Taraxacum is a large genus of flowering plants in the family Asteraceae which includes species typically referred to as dandelion. They are native to Eurasia and North America, however the two commonplace species worldwide, T. officinale and T. erythrospermum, were imports from Europe that now propagate as wildflowers. Both types are edible in their entirety.
The typical name dandelion (dan-di-ly-ən, from French dent-de-lion, indicating “lion’s tooth”) is offered to members of the genus. Like other members of the Asteraceae family, they have very small flowers gathered together into a composite flower head.
Each single flower in a head is called a floret. Many Taraxacum types produce seeds asexually by apomixis, where the seeds are produced without pollination, leading to offspring that are genetically identical to the parent plant.
The types of Taraxacum are tap-rooted, seasonal, herbaceous plants, belonging to temperate areas of the Northern Hemisphere. The genus consists of numerous species which normally (or when it comes to triploids, obligately) reproduce by apomixis, leading to many local populations and endemism. In the British Isles alone, 234 microspecies are recognised in 9 loosely specified areas, which 40 are “most likely endemic”.
In basic, the leaves are 5– 25 cm long or longer, simple, lobed, and form a basal rosette above the central taproot. The flower heads are yellow to orange coloured, and are open in the daytime, but closed at night. The heads are borne singly on a hollow stem (scape) that is typically leafless and increases 1– 10 cm or more above the leaves. Stems and leaves radiate a white, milky latex when broken. A rosette might produce numerous blooming stems at a time.
The flower heads are 2– 5 cm in size and consist completely of ray florets. The flower heads mature into round seed heads called blowballsor clocks (in both British and American English) containing many single-seeded fruits called achenes. Each achene is connected to a pappus of fine hairs, which make it possible for wind-aided dispersal over long distances.
The flower head is surrounded by bracts (often erroneously called sepals) in two series. The inner bracts are erect up until the seeds mature, then flex down to enable the seeds to distribute.
The outer bracts are often reflexed downward, however remain appressed in plants of the sections Palustria and Spectabilia. Some types drop the parachute from the achenes; the hair-like parachutes are called pappus, and they are customized sepals. In between the pappus and the achene is a stalk called a beak, which lengthens as the fruit develops. The beak breaks off from the achene quite quickly, separating the seed from the parachute.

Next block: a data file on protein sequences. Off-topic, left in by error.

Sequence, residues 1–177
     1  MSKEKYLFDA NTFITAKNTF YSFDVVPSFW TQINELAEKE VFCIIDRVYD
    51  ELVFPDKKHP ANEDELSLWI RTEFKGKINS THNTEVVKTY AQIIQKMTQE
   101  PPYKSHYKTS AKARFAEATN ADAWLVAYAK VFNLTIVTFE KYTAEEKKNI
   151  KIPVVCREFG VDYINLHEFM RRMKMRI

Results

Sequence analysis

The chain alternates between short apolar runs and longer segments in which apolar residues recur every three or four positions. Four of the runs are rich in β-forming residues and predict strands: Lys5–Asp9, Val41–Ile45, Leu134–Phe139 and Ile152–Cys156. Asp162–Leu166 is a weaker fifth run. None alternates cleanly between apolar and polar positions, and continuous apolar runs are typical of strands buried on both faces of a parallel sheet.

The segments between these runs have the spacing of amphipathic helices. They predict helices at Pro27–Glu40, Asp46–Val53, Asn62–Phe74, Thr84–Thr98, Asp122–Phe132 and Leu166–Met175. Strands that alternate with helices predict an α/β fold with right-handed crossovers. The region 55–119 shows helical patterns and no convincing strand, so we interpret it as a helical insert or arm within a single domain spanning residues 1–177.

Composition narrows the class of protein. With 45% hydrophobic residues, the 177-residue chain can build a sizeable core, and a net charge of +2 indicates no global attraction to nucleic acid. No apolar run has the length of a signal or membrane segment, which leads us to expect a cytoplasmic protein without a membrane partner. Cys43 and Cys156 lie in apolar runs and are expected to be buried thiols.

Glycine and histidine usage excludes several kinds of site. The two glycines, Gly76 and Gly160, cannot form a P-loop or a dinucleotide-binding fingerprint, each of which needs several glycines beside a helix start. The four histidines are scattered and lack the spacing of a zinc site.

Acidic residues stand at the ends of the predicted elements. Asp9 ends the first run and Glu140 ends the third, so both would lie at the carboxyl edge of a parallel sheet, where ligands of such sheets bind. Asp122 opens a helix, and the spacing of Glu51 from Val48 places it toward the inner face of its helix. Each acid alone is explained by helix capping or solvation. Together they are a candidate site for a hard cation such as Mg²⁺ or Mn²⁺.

A number of species of Taraxacum are seed-dispersed ruderals that quickly colonize disrupted soil, especially the typical dandelion (T. officinale), which has actually been introduced over much of the temperate world. After blooming is ended up, the dandelion flower head dries out for a day or 2. The dried petals and endurances drop off, the bracts reflex (curve in reverse), and the parachute ball opens into a complete sphere.
Numerous comparable plants in the Asteraceae family with yellow flowers are sometimes called false dandelions. Dandelions are very much like catsears (Hypochaeris). Both plants bring similar flowers, which form into windborne seeds. Nevertheless, dandelion flowers are borne singly on unbranched, hairless and leafless, hollow stems, while catsear blooming stems are branched, solid, and bring bracts. Both plants have a basal rosette of leaves and a central taproot. Nevertheless, the leaves of dandelions are smooth or glabrous, whereas those of catsears are coarsely hairy.
Early-flowering dandelions might be differentiated from coltsfoot (Tussilago farfara) by their basal rosette of leaves, their absence of disc florets, and the absence of scales on the flowering stem.
Other plants with ostensibly similar flowers include hawkweeds (Hieracium) and hawksbeards (Crepis). These are easily identified by branched flowering stems, which are generally hairy and bear leaves.